THE WORLD’S BEST FOOD BANK
It was voted the best restaurant in the world, so what makes the Black Swan in Oldstead so special? We headed to the Yorkshire culinary hotspot to meet head chef Tommy Banks and find out how he’s coping with the adulation that comes with such a title.
There’s ‘off the beaten track’, then there’s Tommy Banks’ version of a remote, rural, award-winning restaurant and one is a country mile further than the other.
Making it to Oldstead is a journey in itself, and that’s before a gastronomical tour around engaging, dynamic, inspiring food commences. That’s because – with this secluded spot situated at the foothills of the North Yorkshire Moors National Park – the signposting is insufficient, the lanes are windy, and their passing points suggest it would be beneficial for most diners to discover this picturesque cottage escape on foot.
Of course, throwing obstacles in the way is second nature to head chef Tommy Banks.
The Yorkshireman is amicable, open and has humility down to a fine art, but in making everyone around him feel at ease, he can’t help but make life more difficult for himself.
“I’ve always said I never wanted to get to the end point the easy way,” he begins, before hastily adding, “In fact, I’ve never wanted to get to the end point at all!”
That’s because cuisine and restaurateuring, for the 26-year-old, is the ultimate voyage, one that he finds fulfilling, challenging and, in no unreasonable way, largely stressful. “I think it’s one of those things you set yourself up for. Yes, we’ve been through things that have
been incredibly tough; but at the same time I couldn’t live a life that didn’t throw challenges at me, and I think a lot of us want to live like that.
“For me, I just choose the confines of a rural cottage kitchen in which to fret about what might or might not be around the corner!”
What seems certain about the future is there will be another wave of national and international acclaim, after the Oldstead restaurant sauntered, almost apologetically, to the top of Trip Advisor’s global restaurant review ratings. The result – The Black Swan is the best fine dining experience in the world.
That’s not a bad achievement for a chef who had to learn his craft from scratch.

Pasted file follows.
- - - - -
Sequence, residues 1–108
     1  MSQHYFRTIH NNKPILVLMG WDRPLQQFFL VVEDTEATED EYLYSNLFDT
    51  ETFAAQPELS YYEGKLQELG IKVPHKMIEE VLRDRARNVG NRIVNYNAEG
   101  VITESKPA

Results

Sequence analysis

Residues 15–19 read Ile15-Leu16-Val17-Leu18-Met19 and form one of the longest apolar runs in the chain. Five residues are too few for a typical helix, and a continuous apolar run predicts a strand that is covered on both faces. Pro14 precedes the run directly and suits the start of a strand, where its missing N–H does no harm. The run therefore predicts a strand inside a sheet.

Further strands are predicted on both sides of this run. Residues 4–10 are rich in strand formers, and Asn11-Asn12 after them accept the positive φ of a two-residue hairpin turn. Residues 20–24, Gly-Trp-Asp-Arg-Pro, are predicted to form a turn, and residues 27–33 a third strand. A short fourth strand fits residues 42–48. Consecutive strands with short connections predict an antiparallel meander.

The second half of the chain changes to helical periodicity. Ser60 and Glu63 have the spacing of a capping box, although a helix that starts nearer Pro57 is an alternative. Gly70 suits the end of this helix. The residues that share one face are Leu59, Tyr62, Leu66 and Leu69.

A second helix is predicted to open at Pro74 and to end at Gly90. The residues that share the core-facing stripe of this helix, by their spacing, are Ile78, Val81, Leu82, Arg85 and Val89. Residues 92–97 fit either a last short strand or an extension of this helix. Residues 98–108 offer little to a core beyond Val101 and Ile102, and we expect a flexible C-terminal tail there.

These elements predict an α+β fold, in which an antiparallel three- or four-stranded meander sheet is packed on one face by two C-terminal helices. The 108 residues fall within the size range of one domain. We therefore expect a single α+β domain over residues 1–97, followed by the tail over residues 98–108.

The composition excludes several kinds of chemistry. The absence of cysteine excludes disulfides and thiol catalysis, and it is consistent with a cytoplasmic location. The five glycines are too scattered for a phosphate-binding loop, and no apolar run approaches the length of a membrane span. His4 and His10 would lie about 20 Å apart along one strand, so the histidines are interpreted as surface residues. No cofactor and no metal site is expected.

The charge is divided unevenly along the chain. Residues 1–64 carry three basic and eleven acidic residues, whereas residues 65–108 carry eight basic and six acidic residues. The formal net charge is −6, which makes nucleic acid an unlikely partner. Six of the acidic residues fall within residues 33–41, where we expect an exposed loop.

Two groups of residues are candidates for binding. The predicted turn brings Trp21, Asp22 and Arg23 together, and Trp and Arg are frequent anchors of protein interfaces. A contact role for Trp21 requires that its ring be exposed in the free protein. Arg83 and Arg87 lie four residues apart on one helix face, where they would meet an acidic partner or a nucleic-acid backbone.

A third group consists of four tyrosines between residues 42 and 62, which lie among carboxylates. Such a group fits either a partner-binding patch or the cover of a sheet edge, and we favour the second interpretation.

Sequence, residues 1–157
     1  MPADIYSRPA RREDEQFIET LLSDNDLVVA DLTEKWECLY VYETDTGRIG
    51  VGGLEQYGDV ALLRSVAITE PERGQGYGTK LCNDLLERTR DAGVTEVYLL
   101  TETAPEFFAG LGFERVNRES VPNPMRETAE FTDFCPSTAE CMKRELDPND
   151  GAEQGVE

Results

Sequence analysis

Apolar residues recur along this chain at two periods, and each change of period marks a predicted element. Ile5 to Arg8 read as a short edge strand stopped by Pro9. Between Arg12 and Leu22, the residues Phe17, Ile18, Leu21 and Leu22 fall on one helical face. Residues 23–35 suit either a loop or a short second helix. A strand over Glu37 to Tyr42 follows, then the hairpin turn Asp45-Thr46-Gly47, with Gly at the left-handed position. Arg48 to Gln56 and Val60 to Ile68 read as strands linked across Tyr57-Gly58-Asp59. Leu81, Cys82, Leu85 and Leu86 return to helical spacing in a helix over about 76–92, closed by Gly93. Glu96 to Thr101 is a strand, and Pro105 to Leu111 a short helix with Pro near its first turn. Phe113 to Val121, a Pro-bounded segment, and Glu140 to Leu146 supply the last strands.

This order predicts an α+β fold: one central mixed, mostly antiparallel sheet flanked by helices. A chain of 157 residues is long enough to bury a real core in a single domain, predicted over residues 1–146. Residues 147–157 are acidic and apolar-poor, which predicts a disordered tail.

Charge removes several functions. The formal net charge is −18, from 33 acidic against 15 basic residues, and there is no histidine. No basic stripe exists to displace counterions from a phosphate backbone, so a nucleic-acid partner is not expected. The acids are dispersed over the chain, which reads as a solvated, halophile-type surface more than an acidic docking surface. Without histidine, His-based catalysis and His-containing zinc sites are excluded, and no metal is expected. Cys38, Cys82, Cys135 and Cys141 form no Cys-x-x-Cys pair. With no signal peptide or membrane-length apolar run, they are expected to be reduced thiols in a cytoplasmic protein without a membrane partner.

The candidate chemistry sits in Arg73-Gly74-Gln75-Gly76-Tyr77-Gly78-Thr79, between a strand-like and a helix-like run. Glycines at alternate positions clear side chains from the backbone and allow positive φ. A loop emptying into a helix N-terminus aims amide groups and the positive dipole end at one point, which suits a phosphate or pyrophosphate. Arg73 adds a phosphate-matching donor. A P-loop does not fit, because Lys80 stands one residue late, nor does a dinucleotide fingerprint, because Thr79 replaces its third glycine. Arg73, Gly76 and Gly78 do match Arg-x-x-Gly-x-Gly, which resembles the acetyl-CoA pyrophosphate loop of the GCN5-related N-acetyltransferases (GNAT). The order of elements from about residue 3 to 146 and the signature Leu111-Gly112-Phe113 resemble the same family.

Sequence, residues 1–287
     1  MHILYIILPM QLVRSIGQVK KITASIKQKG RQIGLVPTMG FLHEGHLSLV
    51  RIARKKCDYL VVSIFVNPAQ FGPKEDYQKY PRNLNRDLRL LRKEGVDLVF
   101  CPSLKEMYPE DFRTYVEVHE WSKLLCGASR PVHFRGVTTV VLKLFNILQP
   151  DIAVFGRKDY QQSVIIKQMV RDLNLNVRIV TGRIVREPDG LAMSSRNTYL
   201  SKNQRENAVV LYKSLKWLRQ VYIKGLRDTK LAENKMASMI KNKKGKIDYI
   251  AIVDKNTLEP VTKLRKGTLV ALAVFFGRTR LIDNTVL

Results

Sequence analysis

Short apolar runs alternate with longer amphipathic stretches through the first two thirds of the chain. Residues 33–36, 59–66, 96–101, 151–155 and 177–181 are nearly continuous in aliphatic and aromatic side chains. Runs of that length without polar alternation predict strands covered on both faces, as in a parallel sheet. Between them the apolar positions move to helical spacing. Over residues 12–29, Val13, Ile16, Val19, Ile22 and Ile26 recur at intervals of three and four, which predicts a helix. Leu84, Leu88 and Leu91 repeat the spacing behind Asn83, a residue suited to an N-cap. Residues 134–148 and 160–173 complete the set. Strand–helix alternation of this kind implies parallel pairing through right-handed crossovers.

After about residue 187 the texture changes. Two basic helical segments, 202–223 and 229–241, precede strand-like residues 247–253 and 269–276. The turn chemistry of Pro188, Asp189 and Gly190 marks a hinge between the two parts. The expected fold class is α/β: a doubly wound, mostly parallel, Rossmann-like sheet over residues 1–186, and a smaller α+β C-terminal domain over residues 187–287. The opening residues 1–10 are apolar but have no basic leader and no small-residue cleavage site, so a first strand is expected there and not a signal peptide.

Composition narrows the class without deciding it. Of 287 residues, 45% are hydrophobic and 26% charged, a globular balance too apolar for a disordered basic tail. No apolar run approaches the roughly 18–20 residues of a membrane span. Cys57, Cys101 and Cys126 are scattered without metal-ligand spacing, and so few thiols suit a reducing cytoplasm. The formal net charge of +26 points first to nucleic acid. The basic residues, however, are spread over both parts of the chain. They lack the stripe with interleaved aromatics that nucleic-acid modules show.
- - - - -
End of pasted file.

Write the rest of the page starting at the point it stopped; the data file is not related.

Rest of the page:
“Yes, it’s been a long road,” he admits. “From taking over the running of a restaurant handed to myself and my brother by my parents, to having my Michelin-starred chef decide to explore other avenues, there have been challenges along the way.
“And while I like to think these are the rewards, we’re by no means finished. The challenges are always there; they just change slightly from time to time!”
Banks’ craft for cuisine goes well beyond his Slow-cooked Crapaudine Beetroot Steak signature dish. Through Langoustine with Caramelised Whey and Venison with Smoked Sloe, there is the talent and ingenuity that saw him achieve his own Michelin star after wiping from the menu all the dishes that had previously won the award under previous head chef Adam Jackson.
“It wasn’t that there was bitterness over him leaving – we all have to fulfil our ambitions.
But to have a star based on a menu devised by someone no longer present in the kitchen felt a bit wrong; I felt like a fraud.
“I knew pretty quickly I would have to devise my own menu and put all that hard work in for myself. But I did, and it worked, and if anything, it felt like more of an achievement to retain the star than it did to win it in the first place.”
Add in four AA rosettes, plus stylish accommodation space, and the popularity of the quaint 16th century bolthole has
created its own problems. Film crews are commonplace, Banks finds himself entertaining media enquiries, and bookings now span several months in advance – that’s good going given that a meal there can
easily run into the high three figures.
“It is a supply and demand thing, and of course there is always the option to do this somewhere else,” he admits. “We want to take our great food out to a wider audience, but at the same time I have a little three-yearold boy at home, a girlfriend who wants to see me and a great group of friends and family.
“I also don’t want to go back to almost having a nervous breakdown or making myself ill from exhaustion. I’ve done that and it wasn’t pleasant, so whatever move I make next it will be at a casual pace.”
And with that, Banks says his pleasantries, wraps up our interview and scampers off to another media engagement. That thing about ‘casual pace’ may need some work.